The legend is that Great-Grandpa Marlowe was a Freedom Fighter in Ireland, and one day he was making a soap box speech and was approached by friends who told him that the British Bobby’s were looking for him with an order for his arrest. Handing him a ticket, they told him to hasten to Liverpool and take the ship shortly to leave for America, which he did. They said they would send Jane and the baby she was carrying when he had found a place for them.
Jane, who was nineteen years younger than he was, joined him with baby Mary one year later, sailing on the Camillus from Liverpool on April 17, 1849. They settled in New York City, and lived there for fourteen years when they moved to Louisville, KY, and then Cincinnati, OH, and finally Chicago where they made their home for many years with some of their children joining them.
Here is the record from Jane coming to America in 1849 from the Ship Camillus’ manifest. I didn’t realize before that she was only eighteen and a mother of an infant when she arrived:
Name: Jane Marlow
Estimated Birth Year: abt 1831
Place: New York, New York
Family Members: Child Mary
Source Publication Code: 2597.51.1
Primary Immigrant: Marlow, Jane
Source Bibliography: GLAZIER, IRA A. AND MICHAEL TEPPER. The Famine Immigrants: Lists of Irish Immigrants Arriving at the Port of New York, 1846-1951. Vol. IV (April 1849-September 1849). Baltimore: Genealogical Publishing Co., 1984. pp. 1-200.
Native Country: Ireland
Arrival Date: 17 Apr 1849
Great Grandpa was inventor, and constructed the Locomotive Headlight. He also perfected the Marlowe Smoke Consumer, which was first used in the North Side Roller Mills in Chicago.
Their daughter Catherine (called Katie) was so beautiful, men used to follow her on the street for another look at her. Of all the men seeking her hand, she fell for a Jewish man. As it was the mid-1800′s, and mixed marriages were not common or generally accepted, George and Jane naturally objected. She married him anyway, and they moved to Portland, Oregon. They lived happily, until one day Jane received a letter that Katie was very ill with inflammation of the bowels. Then, further word came that she was much improved; but then another letter came stating that she took a change for the worse and died. I have discussed with others what they think caused this, and present conjecture is that it was a ruptured appendix. A Sister in the hospital in Oregon wrote to Jane to say Katie was well prepared to die, and had a beautiful, peaceful death.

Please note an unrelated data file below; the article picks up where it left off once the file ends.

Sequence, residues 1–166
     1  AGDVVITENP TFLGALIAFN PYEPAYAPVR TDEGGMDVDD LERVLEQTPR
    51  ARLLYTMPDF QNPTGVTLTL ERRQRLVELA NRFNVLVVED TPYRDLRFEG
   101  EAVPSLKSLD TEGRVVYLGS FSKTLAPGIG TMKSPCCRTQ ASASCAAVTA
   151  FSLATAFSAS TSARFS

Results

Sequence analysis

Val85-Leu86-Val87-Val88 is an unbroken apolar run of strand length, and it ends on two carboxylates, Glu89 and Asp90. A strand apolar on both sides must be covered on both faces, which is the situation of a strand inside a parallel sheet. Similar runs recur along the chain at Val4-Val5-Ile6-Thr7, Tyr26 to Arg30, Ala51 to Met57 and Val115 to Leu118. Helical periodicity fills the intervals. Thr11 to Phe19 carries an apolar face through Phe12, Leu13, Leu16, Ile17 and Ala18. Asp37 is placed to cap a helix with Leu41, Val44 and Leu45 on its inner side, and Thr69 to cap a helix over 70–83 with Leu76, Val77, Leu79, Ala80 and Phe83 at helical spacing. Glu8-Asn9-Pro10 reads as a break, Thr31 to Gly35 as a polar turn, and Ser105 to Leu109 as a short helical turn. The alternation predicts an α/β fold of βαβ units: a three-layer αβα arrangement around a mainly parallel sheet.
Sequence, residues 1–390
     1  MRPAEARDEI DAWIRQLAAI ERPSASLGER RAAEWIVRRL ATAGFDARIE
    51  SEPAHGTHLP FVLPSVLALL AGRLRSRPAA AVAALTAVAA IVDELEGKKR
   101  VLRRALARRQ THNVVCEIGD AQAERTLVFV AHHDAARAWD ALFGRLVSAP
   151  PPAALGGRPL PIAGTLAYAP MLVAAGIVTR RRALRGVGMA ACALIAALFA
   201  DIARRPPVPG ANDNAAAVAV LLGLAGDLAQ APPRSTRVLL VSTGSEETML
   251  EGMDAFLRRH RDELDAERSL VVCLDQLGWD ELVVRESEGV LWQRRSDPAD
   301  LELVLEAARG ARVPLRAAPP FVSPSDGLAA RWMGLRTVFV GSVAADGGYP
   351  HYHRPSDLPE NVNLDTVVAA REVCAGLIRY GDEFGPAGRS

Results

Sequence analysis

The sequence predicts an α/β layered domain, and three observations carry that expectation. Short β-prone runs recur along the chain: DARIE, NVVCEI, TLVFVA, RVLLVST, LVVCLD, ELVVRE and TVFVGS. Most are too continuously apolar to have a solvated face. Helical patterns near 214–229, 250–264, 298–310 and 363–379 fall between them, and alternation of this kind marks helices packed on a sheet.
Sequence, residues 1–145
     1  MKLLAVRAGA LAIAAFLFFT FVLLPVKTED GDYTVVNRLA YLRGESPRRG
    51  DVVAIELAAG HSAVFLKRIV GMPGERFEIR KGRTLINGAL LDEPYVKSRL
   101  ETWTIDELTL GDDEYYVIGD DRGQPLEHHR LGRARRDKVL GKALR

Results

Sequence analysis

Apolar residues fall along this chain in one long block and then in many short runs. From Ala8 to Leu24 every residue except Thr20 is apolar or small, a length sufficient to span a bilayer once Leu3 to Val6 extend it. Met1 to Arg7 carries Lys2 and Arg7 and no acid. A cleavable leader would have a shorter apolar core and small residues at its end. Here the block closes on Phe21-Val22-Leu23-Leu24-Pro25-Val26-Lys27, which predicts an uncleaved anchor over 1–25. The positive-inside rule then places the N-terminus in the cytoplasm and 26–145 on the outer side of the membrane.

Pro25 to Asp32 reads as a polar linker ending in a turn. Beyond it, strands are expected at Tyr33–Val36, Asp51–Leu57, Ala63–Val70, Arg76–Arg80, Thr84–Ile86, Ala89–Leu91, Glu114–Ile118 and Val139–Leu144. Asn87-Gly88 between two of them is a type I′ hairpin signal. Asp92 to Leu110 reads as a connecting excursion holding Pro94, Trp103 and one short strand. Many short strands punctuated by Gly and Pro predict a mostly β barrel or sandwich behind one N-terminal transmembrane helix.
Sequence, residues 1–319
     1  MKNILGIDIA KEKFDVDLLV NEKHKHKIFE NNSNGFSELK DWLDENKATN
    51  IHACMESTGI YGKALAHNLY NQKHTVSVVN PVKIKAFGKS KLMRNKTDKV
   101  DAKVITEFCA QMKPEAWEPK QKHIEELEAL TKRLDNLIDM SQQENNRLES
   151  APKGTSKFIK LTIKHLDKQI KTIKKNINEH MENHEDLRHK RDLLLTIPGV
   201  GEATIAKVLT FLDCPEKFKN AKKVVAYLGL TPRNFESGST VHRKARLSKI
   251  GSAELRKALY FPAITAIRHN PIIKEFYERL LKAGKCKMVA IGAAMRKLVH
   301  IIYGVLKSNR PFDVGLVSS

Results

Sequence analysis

Margaret was the fourth child of Jane and George. She never married, and lived into her eighties. She was a darling, and when she laughed, everyone laughed. She took care of her father the last two years of his life when he was bedridden because of a broken hip sustained when he was ninety.
Charles, or Charlie as he was called, drowned in the Columbia River at Bonner’s Ferry in 1893. He was working as a surveyor, and was on a train which was stuck due to trouble, so Charlie and another young man rented a canoe and went down the treacherous river with its swift currents. The canoe became caught in one and overturned. Charlie was a very good swimmer, and the folks on the shore were not worried about him, they were worried about the other fellow, who was holding onto the capsized boat. However, when Charlie reached shore he was quickly drawn down by the quicksand, and his body wasn’t found until three months later. Of course, by then his body couldn’t be shipped home. The Indians there buried him and put a white fence around his grave. Mary and her husband Charlie Carson were living in Spokane at the time. Charlie Carson went to Bonner’s Ferry to see the Indians bury Charlie Marlowe.